The Brain Repair Group, led by Dr. Isabelle Aubert, focuses on developing therapies to stop neurodegeneration and promote regeneration under pathological conditions found in cases of Alzheimer's disease.
Alzheimer's disease (AD) is characterized by the deterioration of neurons in the brain.
When healthy, neurons may fulfil a variety of roles ranging from the control of movement to cognitive function. Cholinergic neurons that release the neurotransmitter acetylcholine and mediate such functions as learning and memory are one of the groups of neurons that decline substantially in AD. Enhancing the communication between neurons and improving other functions of neurotransmitters have been the primary therapeutic foci, but these solutions are often insufficient in the case of severe neuronal degradation.
Our research aims to develop a better understanding of the processes involved in the decline of patients with AD and to uncover novel approaches to treatment of the disease through the following projects:
1. Anti-amyloid treatments and gene therapy for Alzheimer's disease
Our goal is to develop a multicomponent therapeutic strategy to halt the toxicity of amyloid-beta peptides, to promote neuronal survival and regeneration, and to improve cognitive function. We are using gene and stem cell therapies, anti-amyloid-beta approaches, and novel methods to deliver therapeutic agents noninvasively to the brain.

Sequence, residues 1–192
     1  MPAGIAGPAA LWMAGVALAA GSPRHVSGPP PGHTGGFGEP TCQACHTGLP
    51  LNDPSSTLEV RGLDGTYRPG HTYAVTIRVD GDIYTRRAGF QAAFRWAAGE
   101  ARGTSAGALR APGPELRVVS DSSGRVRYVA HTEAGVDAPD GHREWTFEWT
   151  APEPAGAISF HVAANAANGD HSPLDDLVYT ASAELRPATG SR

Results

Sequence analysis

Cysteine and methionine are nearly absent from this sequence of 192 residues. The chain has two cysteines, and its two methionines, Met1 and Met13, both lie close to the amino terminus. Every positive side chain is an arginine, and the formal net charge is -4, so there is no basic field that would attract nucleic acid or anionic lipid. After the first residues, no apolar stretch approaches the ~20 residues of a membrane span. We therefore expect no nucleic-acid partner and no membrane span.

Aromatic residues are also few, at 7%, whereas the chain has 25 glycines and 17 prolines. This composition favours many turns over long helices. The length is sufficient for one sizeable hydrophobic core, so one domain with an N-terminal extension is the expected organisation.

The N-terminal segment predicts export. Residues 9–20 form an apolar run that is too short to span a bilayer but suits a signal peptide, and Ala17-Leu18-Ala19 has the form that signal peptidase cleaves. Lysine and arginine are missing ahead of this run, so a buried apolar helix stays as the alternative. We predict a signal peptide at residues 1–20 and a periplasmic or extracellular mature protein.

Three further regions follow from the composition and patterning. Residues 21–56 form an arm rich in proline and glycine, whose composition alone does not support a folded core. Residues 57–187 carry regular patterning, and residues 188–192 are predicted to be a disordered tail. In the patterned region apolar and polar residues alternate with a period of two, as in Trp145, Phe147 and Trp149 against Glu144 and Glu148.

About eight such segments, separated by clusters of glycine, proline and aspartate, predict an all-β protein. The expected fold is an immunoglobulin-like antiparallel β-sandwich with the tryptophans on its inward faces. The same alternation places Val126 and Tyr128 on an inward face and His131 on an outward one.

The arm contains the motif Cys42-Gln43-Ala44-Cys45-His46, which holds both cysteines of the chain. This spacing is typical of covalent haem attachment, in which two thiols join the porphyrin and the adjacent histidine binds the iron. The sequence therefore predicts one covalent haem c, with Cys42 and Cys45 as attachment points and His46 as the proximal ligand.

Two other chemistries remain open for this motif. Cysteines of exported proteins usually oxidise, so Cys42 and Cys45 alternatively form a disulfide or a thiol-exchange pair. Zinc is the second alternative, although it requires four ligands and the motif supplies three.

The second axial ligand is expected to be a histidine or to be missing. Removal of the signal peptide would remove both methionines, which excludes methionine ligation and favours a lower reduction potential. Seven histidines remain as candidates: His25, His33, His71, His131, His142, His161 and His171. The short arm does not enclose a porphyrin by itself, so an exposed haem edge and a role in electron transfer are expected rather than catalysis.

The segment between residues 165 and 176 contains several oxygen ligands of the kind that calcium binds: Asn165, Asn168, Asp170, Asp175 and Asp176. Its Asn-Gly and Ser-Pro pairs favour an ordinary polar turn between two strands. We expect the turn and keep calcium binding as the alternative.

This project is funded by the Canadian Institutes of Health Research and the Ontario Mental Health Foundation.
2. The development of cholinergic neurons
Evidence suggests that certain cell adhesion molecules regulate the development and function of cholinergic neurons; this project will assess these functions in three main parts. To begin, we will assess the importance of specific cell adhesion molecules in the development and maturation of cholinergic neurons. Then, we will elucidate whether the direct stimulation of given receptors by these cell adhesion molecules results in an increase in the activity of cholinergic neurons. Finally, we will elucidate intracellular signaling mechanisms through which these cell adhesion molecules control the function of cholinergic neurons.
These studies are important to the basic understanding of cholinergic neuronal development, which requires a complex orchestration of cellular and molecular interactions to produce characteristics specific to this type of neuron. Furthermore, the knowledge obtained on
developing cholinergic neurons may translates into strategies to promote cell survival, axonal growth and maturation for regenerating cholinergic neurons in the adult and aging brain.
This research is funded by the Natural Sciences and Engineering Research Council.
Honours and AwardsName: Tier 1 Canada Research Chair (CRC) in Brain Repair and Regeneration (2020)